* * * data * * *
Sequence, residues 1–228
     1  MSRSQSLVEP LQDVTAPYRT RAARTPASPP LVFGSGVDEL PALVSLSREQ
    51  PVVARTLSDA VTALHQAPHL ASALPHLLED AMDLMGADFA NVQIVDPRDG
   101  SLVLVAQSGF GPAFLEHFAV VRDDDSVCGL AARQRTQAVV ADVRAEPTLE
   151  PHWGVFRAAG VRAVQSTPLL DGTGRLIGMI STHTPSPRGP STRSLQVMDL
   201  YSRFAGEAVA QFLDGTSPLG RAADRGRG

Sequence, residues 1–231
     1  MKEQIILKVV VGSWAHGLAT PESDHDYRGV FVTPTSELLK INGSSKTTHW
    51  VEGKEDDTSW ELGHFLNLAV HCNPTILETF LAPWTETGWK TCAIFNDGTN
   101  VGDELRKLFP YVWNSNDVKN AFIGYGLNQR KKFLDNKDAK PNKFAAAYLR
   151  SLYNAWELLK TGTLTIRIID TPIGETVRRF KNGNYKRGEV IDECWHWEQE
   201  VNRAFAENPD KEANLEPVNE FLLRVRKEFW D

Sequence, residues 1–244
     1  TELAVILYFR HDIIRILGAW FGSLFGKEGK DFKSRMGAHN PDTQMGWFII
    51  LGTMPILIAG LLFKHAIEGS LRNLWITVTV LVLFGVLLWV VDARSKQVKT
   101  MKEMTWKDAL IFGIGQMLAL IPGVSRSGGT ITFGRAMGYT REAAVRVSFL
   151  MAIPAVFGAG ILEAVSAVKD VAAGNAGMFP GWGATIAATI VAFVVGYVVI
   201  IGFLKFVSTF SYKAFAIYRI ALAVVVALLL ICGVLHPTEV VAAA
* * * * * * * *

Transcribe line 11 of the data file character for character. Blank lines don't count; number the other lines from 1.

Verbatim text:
   151  SLYNAWELLK TGTLTIRIID TPIGETVRRF KNGNYKRGEV IDECWHWEQE